Sunday, 13 May 2012

Servants, Homelessness and Guy de Maupassant

Tolstoy famously described Guy de Maupassant’s working class characters as “half-animals” moved “only by sensuality, malice, and greed.” As he went on to admit, however, Maupassant was even less complimentary in his depiction of the middle classes and his short stories were composed almost entirely of middle-class scandals and deceits, ranging from murder to incest.  

His short story “Rose” is typically salacious. It begins with stability and comfort; in picturesque and temperate Cannes a pair of women enjoy the ‘festival of flowers’ an annual procession in which wealthy young men and women flung roses at each other from horse-drawn carriages. The women are physically fixed in place, submerged beneath “a dazzling, perfumed bed” of flowers (1).

This picture starts sliding out of place, however, when one of the women lets her gaze fall “on the two gleaming buttons on the coachman’s back.” Her companion, Margot, launches into a tale about a previous “personal maid” named Rose: “within a month, I was practically in love with her … I’d never had a servant like her. She used to dress me in no time and with such astonishing lightness of touch! ... After a while, I became extremely lazy, so much did I love this tall shy girl to dress me from top to toe, from undergarments to gloves … When I used to get out of the bath, there she would be, waiting to rub me down and give me a massage while I sometimes dozed off on a divan.”

Margot’s intimate story is already undermined by the events that precede it. Cannes may have been a prosperous, luxurious city but its domestic services were largely performed by outsiders who provoked anxieties and fears. As Sarah Maza explains, servants “provoked the same suspicions as other migrants in a society fearful of anonymity and individual mobility” (2). Margot, like many nineteenth-century employers in urban France tries to reduce of a stranger in her home by scrupulously researching Rose’s backstory. She recounts that Rose’s references “were written in English, since apparently her last appointment had been in the household of Lady Rymwell where she had been employed for ten years. The reference confirmed that this young lady was leaving of her own accord since she now wanted to come back and live in France. Throughout the long period of her employment … she had given absolute satisfaction.”

Margot’s best efforts to control her household, however, are not enough. One morning a policeman visits and insists on questioning her domestic staff. She gives thorough accounts of all of them: “This is the concierge, Pierre Courtin, an ex-military man … This is my coachman, François Pingau, also from the Champagne, son of one of my father’s tenant farmers.” When she calls Rose into the room, however, her oversight becomes clear: “This girl,” the commissioner explains, “is in fact a man. He is called Jean-Nicolas Lecapet. He was sentenced in 1879 for murder preceded by rape … Four months ago he escaped and we have been searching for him ever since.”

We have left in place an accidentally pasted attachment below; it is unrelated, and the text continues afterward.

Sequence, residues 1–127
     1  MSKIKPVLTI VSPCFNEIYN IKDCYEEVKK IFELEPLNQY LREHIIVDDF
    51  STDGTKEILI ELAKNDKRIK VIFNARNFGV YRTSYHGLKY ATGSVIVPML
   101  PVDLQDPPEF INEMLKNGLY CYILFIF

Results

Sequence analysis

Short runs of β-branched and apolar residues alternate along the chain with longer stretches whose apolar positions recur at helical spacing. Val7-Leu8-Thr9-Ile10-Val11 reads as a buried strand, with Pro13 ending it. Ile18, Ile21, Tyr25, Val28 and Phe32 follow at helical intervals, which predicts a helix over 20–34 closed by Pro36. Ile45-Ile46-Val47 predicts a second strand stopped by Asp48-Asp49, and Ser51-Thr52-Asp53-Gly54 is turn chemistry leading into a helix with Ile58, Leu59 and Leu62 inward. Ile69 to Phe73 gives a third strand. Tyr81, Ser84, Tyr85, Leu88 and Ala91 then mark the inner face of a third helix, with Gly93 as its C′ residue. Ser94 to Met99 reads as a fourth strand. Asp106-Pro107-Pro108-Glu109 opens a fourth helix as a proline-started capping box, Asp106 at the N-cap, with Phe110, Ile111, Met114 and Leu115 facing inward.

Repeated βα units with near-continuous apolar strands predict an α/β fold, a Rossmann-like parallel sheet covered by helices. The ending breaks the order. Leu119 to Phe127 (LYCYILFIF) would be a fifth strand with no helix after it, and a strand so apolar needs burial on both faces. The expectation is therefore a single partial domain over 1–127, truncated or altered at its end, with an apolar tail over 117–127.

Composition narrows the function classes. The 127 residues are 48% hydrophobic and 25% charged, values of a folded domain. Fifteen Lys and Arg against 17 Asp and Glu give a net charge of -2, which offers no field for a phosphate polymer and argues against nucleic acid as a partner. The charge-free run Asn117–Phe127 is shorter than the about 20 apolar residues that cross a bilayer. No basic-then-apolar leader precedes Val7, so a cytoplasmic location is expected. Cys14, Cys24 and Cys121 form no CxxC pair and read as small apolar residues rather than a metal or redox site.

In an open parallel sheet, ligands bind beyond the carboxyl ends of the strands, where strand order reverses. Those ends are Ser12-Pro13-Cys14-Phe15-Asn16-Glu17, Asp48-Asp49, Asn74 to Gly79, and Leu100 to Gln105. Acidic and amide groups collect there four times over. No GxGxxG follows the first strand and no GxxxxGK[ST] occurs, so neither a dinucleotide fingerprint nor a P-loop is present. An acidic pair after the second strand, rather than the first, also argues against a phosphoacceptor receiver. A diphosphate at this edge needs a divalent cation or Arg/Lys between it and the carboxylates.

Putting to one side, if possible, the sexual and gender politics here, it’s clear that Maupassant is concerned with issues of mobility. Martine Gantrel has shown that in nineteenth-century French novels “instead of conjuring up images of domestic coziness, [the servant] somewhat paradoxically, becomes … an unusual locus of female homelessness” (3). Take for instance this account by Célestine, the chambermaid of Mirbeau’s Le Journal d’une femme de chambre:

Today I have entered a new place. This is the twelfth one in two years … Judging  from the really extraordinary and dizzy way I have roamed around, from houses to  employment agencies and from employment agencies to houses, from the Bois de  Boulonge to the Bastille, from the Observatory to Montmatre, from the Ternes to the  Gobelins, everywhere, without ever succeeding in establishing myself anywhere.
 Maupassant may seem to confirm middle-class fears about migrant and foreign servants but his story is typically ambiguous. The female protagonists are lazy, pampered and petulant and Margot's friend's response to the story is mysterious rather than censorious: “She was looking fixedly and with the enigmatic smile women sometimes wear at the two gleaming livery buttons directly before her eyes.” In Western Europe and North America today paid domestic services are typically carried out by women who have left their home countries in order to provide for their families. Yet tales like Maupassants’ suggest that“new” domestic service is “less new than one might imagine” (3). The story of domestic service continues to be one of movement and dislocation.
(1) Guy de Maupassant, A Parisian Affair and Other Short Stories, ed. and trans. Sîan Miles (Penguin, 2004).
(2) Quoted in Martine Gantrel, "Homeless Women: Maidservants in Fiction," in Home and its Dislocations in Nineteenth-Century France, ed. Suzanne Nash (State University of New York press, 1993).
(3) Ibid.
(4)Rafaella Sarti, “The Globalisation of Domestic Service-An Historical Perspective,” in Migration and Domestic Work, ed. Helma Lutz (Ashgate, 2008).

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